By Keith Padgett
Published Friday, July 31, 2009
| From the August 2009 Issue of FireRescue
If you could find out whether you’re at increased risk for heart disease, would you want to know? Would you want to receive comprehensive genetic screening, the results of which could show that you need to make some drastic changes—now—to save your life?
That’s the decision firefighters in Gwinnett County (Ga.) Fire & Emergency Services were faced with when they agreed to participate in a landmark FEMA-sponsored study of firefighters ages 40 and over conducted by Robert Superko, MD, a leading expert on heart disease.
On May 6, one of the groups in the study was due to receive their individual results, and I was there to watch it happen. It was a profound experience; no one in the room could help reflecting on their own health, and what they would do if they were handed similar information.
Guess What? You’re At Risk
It’s widely known that heart disease is the No. 1 killer of firefighters. In fact, firefighters have a 300 percent increased risk for cardiac disease as compared to other segments of the population. So even if you eat right, exercise fanatically and keep your cholesterol low, you’re at risk simply because you’re a firefighter.
According to Dr. Superko, an individual can have a genetic predisposition that increases the risk of coronary heart disease. Environmental issues, such as an unhealthy diet or working in a hazardous environment (burning building), can then exacerbate the problem. During the briefing, Clinical Research Coordinator Catherine Skrifvars commented that firefighters do an extremely good job of taking care of others, but often don’t take care of themselves. “Hopefully the study findings will give them the tools they need,” she says.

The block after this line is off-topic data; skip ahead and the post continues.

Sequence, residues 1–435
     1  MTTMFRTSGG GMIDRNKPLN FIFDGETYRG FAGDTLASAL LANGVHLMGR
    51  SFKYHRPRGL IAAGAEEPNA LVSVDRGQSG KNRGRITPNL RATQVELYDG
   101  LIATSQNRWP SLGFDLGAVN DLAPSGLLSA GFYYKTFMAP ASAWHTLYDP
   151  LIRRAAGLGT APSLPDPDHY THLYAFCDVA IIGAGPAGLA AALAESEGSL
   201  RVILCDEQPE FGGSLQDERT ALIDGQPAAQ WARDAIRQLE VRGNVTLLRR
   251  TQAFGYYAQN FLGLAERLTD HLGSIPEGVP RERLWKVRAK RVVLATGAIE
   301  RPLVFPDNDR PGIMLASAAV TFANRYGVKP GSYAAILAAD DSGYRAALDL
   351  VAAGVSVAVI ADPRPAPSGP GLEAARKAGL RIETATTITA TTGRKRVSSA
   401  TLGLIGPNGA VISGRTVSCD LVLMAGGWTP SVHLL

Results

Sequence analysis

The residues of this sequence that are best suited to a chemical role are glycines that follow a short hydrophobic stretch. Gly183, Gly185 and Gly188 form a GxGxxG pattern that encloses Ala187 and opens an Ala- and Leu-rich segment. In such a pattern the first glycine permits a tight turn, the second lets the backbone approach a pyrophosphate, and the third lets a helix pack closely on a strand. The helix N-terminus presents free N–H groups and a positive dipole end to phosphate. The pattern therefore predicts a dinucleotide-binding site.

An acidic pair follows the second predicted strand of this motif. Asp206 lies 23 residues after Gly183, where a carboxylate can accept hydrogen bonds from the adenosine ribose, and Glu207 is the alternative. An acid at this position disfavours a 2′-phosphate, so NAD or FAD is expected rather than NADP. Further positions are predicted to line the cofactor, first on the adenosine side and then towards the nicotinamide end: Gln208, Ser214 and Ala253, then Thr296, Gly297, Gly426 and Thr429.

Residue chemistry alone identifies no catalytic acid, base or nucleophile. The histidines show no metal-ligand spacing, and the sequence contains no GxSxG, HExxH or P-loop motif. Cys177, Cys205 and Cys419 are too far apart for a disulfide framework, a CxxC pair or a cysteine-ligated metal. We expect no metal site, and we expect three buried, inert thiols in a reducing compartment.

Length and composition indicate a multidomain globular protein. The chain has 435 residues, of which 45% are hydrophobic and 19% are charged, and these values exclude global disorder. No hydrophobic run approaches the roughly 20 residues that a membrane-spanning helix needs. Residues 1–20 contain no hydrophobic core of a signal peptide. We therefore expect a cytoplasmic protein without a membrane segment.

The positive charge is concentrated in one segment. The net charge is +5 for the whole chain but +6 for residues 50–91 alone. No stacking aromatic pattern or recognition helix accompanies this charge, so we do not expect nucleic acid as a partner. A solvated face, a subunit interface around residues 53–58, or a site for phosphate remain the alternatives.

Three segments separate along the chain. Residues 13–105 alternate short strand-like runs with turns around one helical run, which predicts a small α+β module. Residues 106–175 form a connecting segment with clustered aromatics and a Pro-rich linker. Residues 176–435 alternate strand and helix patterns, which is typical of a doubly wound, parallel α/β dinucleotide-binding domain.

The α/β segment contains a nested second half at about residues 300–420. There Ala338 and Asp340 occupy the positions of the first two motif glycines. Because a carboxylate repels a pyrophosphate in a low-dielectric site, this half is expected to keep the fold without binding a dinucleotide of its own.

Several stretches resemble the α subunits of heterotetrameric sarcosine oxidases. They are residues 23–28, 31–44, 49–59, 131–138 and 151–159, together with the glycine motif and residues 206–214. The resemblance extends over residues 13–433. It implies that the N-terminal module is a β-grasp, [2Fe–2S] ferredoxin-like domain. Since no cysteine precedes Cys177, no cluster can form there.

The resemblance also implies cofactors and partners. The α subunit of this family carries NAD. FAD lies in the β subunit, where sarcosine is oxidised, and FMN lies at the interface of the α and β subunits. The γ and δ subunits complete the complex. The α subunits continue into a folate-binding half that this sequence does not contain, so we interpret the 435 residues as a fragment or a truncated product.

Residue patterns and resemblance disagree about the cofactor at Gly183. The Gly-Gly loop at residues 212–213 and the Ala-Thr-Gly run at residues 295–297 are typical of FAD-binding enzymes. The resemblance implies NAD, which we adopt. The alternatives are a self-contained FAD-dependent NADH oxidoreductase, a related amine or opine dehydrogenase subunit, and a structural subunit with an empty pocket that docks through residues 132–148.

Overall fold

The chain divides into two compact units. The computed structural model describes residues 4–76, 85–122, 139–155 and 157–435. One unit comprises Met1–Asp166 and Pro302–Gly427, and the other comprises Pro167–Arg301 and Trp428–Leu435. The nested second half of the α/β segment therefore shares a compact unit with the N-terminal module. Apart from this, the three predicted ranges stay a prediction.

Those tools come from a comprehensive battery of blood and imaging tests that Dr. Superko and researchers from Saint Josephs Hospital performed on 300 firefighters in Gwinnett County. Over the period of 1 year, study volunteers underwent a screening of more than a million genes; advanced phenotype (blood) and imaging analyses; and a diet and exercise review. Results and explanations were presented to the groups, followed by individual consultations.
Eventually, Superko would like to create a firefighter “chip” that would contain those genes identified in the study to increase the risk of heart disease. The chip could be compared against a firefighter’s genetic makeup to identify increased risk.
Return on Investment
Gwinnett County Fire Chief Steven Rolader began the May 6 briefing by noting the impact the study had already made. Rolader said that six firefighters’ lives had been saved, either directly or indirectly, by the study—before the results had even been released! The focus on cardiac issues in the organization has caused many department members to take a hard look at their own health and make some important, life-altering changes.
The final recommendations of the study will be released after the American Heart Association accepts the findings. Superko would like to have the manuscript of the study available when the findings are presented.
The next step: Obtain funds to develop a National Firefighter Registry, where blood and DNA from firefighters would be stored and tested to determine their current risk of heart disease. Each year, firefighters would submit the results of a health screening that would record whether they’ve had a heart attack, developed hypertension or any number of cardiac-related issues. Data analysis would then be performed to determine if certain areas or environmental factors are increasing the risk for certain populations. Note: A similar registry could be established to identify cancer risk.
Facing It Head-On
Returning to the question I started out with, if such a study came to your department, would you volunteer? Are you ready for the results of tests that might indicate your heart health is compromised?
Such knowledge carries a burden of action, but Gwinnett County’s Assistant Chief of Operations Bill Myers points out that it’s also liberating. “The results of this study allow firefighters to be in command and control of their own health,” he says. “The third-greatest killer of firefighters is a lack of situational awareness on the fireground. A lack of personal situational awareness can also lead to premature death.”
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